Bingham: Masterplan Consultancy

URBED have been appointed to work on a Town Centre Masterplan for Bingham: an expanding market town in the borough of Rushcliffe, Nottinghamshire. The town currently hosts a population of approximately 9000, whilst proposed housing developments to the north of the settlement could accomodate up to 1050 new dwellings within the next decade.

Bingham is conveniently located nine miles east of Nottingham, and lies on the Poacher Line rail service linking Skegness, Grantham and Nottingham. Wedged between the A52 and the A46, the town also facilitates efficient road connections to Leicester and Newark-on-Trent, making it a desirable commuter location. The recent Community Led Plan (2016) reported strong desire to see improvements to cycling facilities and footpaths, in order to create safer connections between Bingham and its neighbouring villages. The town benefits from attractive rural surroundings, set between large arable fields, and only fifteen minutes cycle from the River Trent.

Bingham Town Council (BTC) and Rushcliffe Borough Council (RBC) are keen to ensure the opportunities offered by the northern expansion will be captured fully and integrated into the existing urban framework. URBED are engaging in a process of community consultation and research based design, suggesting strategies for Bingham to thrive as a local centre - supporting over thirty nearby hamlets and villages - and to become an exemplar for modern town urban extension.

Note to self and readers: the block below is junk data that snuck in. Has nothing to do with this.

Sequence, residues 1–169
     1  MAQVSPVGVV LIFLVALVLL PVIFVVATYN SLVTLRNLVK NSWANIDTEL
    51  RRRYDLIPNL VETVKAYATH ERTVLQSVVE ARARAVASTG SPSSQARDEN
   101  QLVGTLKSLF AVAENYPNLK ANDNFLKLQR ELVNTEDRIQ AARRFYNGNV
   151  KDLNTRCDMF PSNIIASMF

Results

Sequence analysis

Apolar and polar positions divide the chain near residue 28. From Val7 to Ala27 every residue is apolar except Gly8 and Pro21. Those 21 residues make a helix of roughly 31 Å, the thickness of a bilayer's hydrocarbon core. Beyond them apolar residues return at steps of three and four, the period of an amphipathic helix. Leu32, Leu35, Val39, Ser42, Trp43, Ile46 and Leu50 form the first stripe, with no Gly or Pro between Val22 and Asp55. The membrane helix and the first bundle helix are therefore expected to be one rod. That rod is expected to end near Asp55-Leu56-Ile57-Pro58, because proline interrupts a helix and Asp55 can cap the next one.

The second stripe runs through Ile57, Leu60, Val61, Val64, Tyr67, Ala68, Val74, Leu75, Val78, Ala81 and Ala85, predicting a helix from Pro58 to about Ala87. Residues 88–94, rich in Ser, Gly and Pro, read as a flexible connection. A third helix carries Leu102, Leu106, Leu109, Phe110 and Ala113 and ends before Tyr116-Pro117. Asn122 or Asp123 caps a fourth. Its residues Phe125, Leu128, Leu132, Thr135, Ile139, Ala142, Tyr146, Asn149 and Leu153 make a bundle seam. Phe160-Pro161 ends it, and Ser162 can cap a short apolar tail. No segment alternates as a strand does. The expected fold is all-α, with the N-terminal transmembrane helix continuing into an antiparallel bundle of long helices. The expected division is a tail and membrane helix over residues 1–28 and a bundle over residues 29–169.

Project blog

30.11.2017, 16:04
Bingham Baseline Report

In Stage 1, URBED worked alongside HEB surveyors, conducting in-depth baseline analysis. We looked at a number of factors contributing to a 'health check' of the town, including the current attractions, its retail offer, its catchment, and its urban structure – made up by the transport, built and green infrastructure.

We also undertook a benchmarking exercise through an analysis of a series of Case Studies of Market Towns and Squares to help draw valuable lessons that can inform the vision for Bingham. 

Bingham became a chartered market town in 1314. Surrounded by fields, Bingham’s weekly market provided farmers the opportunity to sell their produce, and drew local tradesmen and craftsman. The town gathered at the Market Place for public celebrations, parades and feasts. The Butter Cross in the Market Place was the centre of historic Bingham, and still lies at the heart of this modern, prosperous town.